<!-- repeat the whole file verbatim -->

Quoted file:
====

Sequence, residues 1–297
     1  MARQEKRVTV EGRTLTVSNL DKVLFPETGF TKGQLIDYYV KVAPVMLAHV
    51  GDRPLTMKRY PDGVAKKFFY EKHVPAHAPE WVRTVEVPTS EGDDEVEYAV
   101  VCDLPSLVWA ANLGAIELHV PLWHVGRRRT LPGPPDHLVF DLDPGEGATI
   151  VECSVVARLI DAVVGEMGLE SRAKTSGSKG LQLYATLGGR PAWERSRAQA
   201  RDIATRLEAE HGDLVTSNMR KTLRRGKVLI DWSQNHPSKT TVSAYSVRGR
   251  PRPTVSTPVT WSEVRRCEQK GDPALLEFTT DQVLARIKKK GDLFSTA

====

Sequence, residues 1–297
     1  MARQEKRVTV EGRTLTVSNL DKVLFPETGF TKGQLIDYYV KVAPVMLAHV
    51  GDRPLTMKRY PDGVAKKFFY EKHVPAHAPE WVRTVEVPTS EGDDEVEYAV
   101  VCDLPSLVWA ANLGAIELHV PLWHVGRRRT LPGPPDHLVF DLDPGEGATI
   151  VECSVVARLI DAVVGEMGLE SRAKTSGSKG LQLYATLGGR PAWERSRAQA
   201  RDIATRLEAE HGDLVTSNMR KTLRRGKVLI DWSQNHPSKT TVSAYSVRGR
   251  PRPTVSTPVT WSEVRRCEQK GDPALLEFTT DQVLARIKKK GDLFSTA